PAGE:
By CLAUDE SCILLEY
So which does a coach prefer to play in a sudden-death playoff game: the devil he knows, or one he doesn’t?
“It’s difficult to play a team you haven’t played,” said Kingston Grenadiers coach Mark Magee, whose team Saturday afternoon will do just that, when it hosts the Oshawa Hawkeyes in a first-round Ontario Varsity Football League playoff game at Loyalist Collegiate.
Game time is 1 o’clock.
The Hawkeyes, 4-4, did not meet the Grenadiers, 6-2, during the regular year, and while Magee subscribes to the conventional wisdom, that it’s hard to beat the same team twice in the same year—since the defeated opponent likely saw your best, and has since had the opportunity to devise ways to neutralize it—he also appreciates the challenges of seeing a team for the first time in such a playoff scenario.
He said the complexion of the early part of a game changes a little bit, as unfamiliar foes feel each other out, but the advent of game video means the teams won’t exactly be strangers.
“We know they’re a power run team,” he said, in something of an understatement. The Hawkeyes were second in the league in rushing, with 2,126 yards (an average of 266 per game). Leading the way was Dawson Odei, a final year player who was third in the league with 880 yards.
The most formidable back the Grenadiers will have faced this year, Odei averaged almost eight yards per carry, and individually rushed for more yards than four teams in the league gained collectively.
To compile a .500 record, Oshawa needed every bit of that ground game, since their passing attack was least effective in the conference, generating just 642 yards all season (or 80 yards in an average game).
“They don’t throw the ball very much but they do have good receivers,” Magee cautioned.
“Their defence looks to be very athletic, very disciplined. They play a defence that you would expect them to play against certain formations, so when we line up in a certain way, we can see what they’re giving us. Because of that, we should be able to do certain things.”
Two other elements jump out of a statistical review of the Hawkeyes: They average almost 17 yards per punt return, and they led the league with 31 quarterback sacks. Linebacker Drue Moore tied for the league lead with eight, and he was involved in two others; lineman Aidan McKenna tied for fifth with six sacks.
“I’m glad we didn’t have to (play them twice),” Magee said. “These guys are tough.”
The Grenadiers had a bye week to close the regular schedule, and Magee said it helped to heal some wounds. Defensive tackle Jonah Johnson, in and out of the lineup the past few games with a tender shoulder, will be back in the Kingston lineup.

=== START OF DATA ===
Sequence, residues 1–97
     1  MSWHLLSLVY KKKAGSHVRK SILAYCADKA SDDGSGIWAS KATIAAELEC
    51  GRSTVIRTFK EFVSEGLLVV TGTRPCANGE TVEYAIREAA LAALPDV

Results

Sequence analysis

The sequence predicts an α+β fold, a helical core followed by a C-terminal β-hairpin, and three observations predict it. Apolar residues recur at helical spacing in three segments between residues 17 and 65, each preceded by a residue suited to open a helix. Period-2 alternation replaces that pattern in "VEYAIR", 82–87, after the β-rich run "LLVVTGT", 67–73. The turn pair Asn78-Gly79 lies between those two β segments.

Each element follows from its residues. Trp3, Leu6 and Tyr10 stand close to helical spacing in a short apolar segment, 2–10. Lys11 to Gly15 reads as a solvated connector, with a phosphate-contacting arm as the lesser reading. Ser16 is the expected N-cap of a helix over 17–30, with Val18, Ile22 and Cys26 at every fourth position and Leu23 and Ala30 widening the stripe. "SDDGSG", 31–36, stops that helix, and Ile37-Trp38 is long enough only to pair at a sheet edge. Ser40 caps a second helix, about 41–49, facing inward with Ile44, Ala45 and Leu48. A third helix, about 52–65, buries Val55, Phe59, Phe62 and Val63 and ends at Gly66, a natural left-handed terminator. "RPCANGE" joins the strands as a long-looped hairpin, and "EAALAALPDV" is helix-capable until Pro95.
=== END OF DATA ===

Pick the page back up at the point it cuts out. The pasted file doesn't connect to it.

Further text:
A coach never knows how a team will respond to almost two weeks without game activity.
“I’m worried that we don’t have a letup,” Magee said. “It’s been an OK week of practice. It seemed like the kids were attentive; they seemed to be listening, doing a lot of learning. We haven’t changed a lot in terms of our offence, we’re not putting in a lot of new stuff. The expectation is we’ll do the old stuff well.
“In a one-and-done situation, after having such a good year, if we don’t play well the season’s over. The guys have to realize that, (without a victory), there’s not a game next week.”
The Grenadiers may be a more difficult puzzle for the Hawkeyes to solve, in that they were neither spectacular nor horrible in any aspect. They were sixth in passing, ninth in rushing, sixth in scoring, and eighth best in terms of fewest points allowed. In an average game they threw for 201 yards and rushed for 150.
For a team that was 6-2, there are precious few individuals among the league leaders. Quarterback Dylan Fisher, with 1,516 yards, is fourth among passers who survived into the playoffs; Carter Matheson, with 613 yards from 32 catches, was seventh among receivers.
Johnson, with four sacks, tied for ninth in the league and Mike Bashall, with a 36.2-yards average, was 11th among punters with at least 10 kicks.
The Grenadiers don’t have a marquee running back but they’ve done well enough on the ground to balance the offence: four different players have had 100-yard rushing games—three of them 200-yard games. Of the four, however, one, Konner Burtenshaw, now is a full-time defensive player and another, Calvin deFayette, is done for the season with an ankle injury.
That leaves Riley Avery, who began the year No. 3 on the depth chart, and Harry Robinson, who began the year in the defensive secondary, as capable running backs, with Robinson having most of the playing time the last two games.
• The Grenadiers finished third in the Wettges Conference, behind Ottawa, 8-0, and West Durham, also 6-2 but favoured in the tie-breaker by virtue of a 28-27 win over the Grenadiers on the opening weekend of the season.
• Oshawa, 4-4, finished sixth, behind fourth-place Cumberland and fifth-place Metro Toronto, both 5-3.
• The Hawkeyes beat Metro in their first game, but lost to their other three playoff-bound opponents: Cumberland, Ottawa and West Durham. They were 3-1 against teams that did not make the playoffs
• Oshawa lost its last game, 33-30 to the Toronto Thunder on Saturday.
• The Grenadiers staged a stunning comeback in their last outing, scoring two touchdowns in the final four minutes of a game they ultimately won in overtime, 36-35 over Toronto.
• Kingston enters the playoffs on a two-game winning streak—having scored 87 points in those games—with a 4-0 mark against teams that failed to make the playoffs and a 2-2 record against teams that did.
• The Grenadiers are 3-1 at home; the Hawkeyes are 1-3 on the road.